The students, from Africa, Asia, Europe and South America will spend anywhere from a semester to a full year with host families from around Kentucky, Tennessee, Mississippi and Alabama.
They are in America as part of the AFS-USA organization, a cultural exchange program, which brings students from around the world to the United States to study the American language, culture and to see the differences between their home country and the U.S.
Johs Carlsen, of Denmark, came to the United States to see the cultural differences. He has also lived in the United States prior, he said. He currently lives with a host family from Wilson County.
He said it’s “a lot hotter here” than in Demark. As far as comparing American schools to those from Demark, “some parts [in the United States] are easier, but some parts are harder.”
Fernanda Siriani is from Brazil. She said she wanted to come to America to “learn the language.” The culture between America and Brazil also interested her, she said.
“I wanted to see if there was really a difference,” she said. She said the mid-South is “colder than in Brazil.”
She said the way people “treat each other is really different. In Brazil, when we meet someone we hug, and we’re already a big family. Here, when I meet someone, it’s like ‘hey.’ You don’t have a lot of contact, and maybe we never talk to that person again.”
Siriani, who speaks English well, said she has only taken the language one year. However, she said she watches American movies and listens to English-speaking music.
Ryan Yuen, of Hong Kong, said he wanted to see the U.S., because he’s seen movies about events in America. But, he said it’s not like the movies.
“In the movies, it’s all cities,” said Yuen, who calls Kingston Springs home this semester. “Here, I live in rural countryside. It’s still good. I live in Hong Kong, and it’s really like Manhattan, but I really like having something different. I like it here.”
Jiiro Madoz, of Spain, is fond of America for a number of reasons. When asked why he wanted to come to America, he said, “why not? America is the finest country in the world. It’s very fun and very interesting to live here.”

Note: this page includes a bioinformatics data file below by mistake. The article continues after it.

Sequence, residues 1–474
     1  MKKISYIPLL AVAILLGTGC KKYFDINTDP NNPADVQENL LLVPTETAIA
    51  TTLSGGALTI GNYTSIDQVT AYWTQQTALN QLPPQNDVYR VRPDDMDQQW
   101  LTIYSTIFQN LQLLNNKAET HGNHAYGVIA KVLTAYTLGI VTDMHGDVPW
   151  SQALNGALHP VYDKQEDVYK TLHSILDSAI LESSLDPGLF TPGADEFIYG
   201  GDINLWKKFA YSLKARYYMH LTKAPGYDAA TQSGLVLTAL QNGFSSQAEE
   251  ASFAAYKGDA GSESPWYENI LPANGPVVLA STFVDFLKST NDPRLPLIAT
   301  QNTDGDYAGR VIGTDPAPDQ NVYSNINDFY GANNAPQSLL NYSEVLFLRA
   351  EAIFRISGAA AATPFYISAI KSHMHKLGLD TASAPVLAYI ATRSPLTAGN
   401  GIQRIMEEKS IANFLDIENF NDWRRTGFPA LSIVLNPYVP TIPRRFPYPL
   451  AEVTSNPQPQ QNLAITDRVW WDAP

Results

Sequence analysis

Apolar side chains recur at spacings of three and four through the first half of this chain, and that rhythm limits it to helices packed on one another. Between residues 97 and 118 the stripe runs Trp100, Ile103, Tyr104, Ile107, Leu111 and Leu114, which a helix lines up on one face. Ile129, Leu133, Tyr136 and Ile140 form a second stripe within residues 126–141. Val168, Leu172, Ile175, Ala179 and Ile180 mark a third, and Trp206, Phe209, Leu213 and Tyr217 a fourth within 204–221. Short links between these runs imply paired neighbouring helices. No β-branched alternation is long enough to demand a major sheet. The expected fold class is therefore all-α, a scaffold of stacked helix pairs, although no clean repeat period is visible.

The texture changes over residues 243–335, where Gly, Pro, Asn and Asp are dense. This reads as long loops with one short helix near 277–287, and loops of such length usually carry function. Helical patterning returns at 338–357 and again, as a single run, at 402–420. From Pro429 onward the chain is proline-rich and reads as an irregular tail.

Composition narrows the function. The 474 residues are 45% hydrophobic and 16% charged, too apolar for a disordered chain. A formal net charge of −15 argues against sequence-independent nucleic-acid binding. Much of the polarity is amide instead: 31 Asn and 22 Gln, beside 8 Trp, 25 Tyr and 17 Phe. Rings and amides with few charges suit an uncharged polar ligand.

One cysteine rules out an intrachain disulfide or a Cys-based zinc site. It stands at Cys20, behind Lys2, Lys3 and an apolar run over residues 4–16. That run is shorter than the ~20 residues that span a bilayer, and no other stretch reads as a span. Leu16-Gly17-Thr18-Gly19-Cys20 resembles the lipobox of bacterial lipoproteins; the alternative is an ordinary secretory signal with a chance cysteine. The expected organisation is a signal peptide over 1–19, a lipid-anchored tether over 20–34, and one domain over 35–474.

He did say the “food in Spain in healthier [than in the United States’.”
Madoz also said the “schools here are a little bit easier,” noting he is studying a grade lower than what he was studying in Spain. However, “I do think the schools in Spain and in America are similar.”
He said, “soccer in Spain is the best. It’s the most popular sport. But, I really like American sports. Here, there are more sports. There’s baseball, football, hockey, soccer. We also have those sports in Spain, but here, the sports are really good.”
Lebanon Mayor Bernie Ash spoke to the students about Lebanon and his job. The students were curious about the city and the country. One student said he was different than mayors in her country because in her country, “mayors have bodyguards.”
“I came out here to meet all those students from around the world,” Ash said. “As I told them, this is a global society, and in Wilson County, in Lebanon, we have people come here to our home, and I wanted to meet all of these students today.”
Becky Heywood, who is a volunteer with AFS, which exists across America and around the world, said, “this is our 70th year of student exchange, and our goal is to build a more peaceful world, which is really hard to do.”
She said bringing the students together for the post-arrival orientation, “not only gives them a break from their regular schedule, but a chance to meet each other. Some of these people have never met a student from Mali or never met another person from Senegal, or Hong Kong or even Western Europe.”
Heywood said, “it’s an exciting time for these students to get together and support each other, because they’re all doing the same thing together. They’re living with an American host family and going to an American high school.”
She said the students can live anywhere in the mid-South, “from a small town in Grenada, Mississippi or Mt. Juliet. It’s a great time of supporting each other and learning.”
The local chapter of AFS covers Tennessee, Kentucky, Mississippi and Alabama. She said AFS also supports American students who want to go abroad.
“They can go for a summer, for a semester, for a year,” she said. “There are lots of financial aid and scholarship opportunities. So many times, I’ve run across people, both young and old, who say I didn’t know I could do that, or I wish I could have done that. Well, you can do that and be exposed to a new culture, have a new family in another place and learn a new language. It’s an invaluable skill in this global marketplace.”
More information may be found at afsusa.org.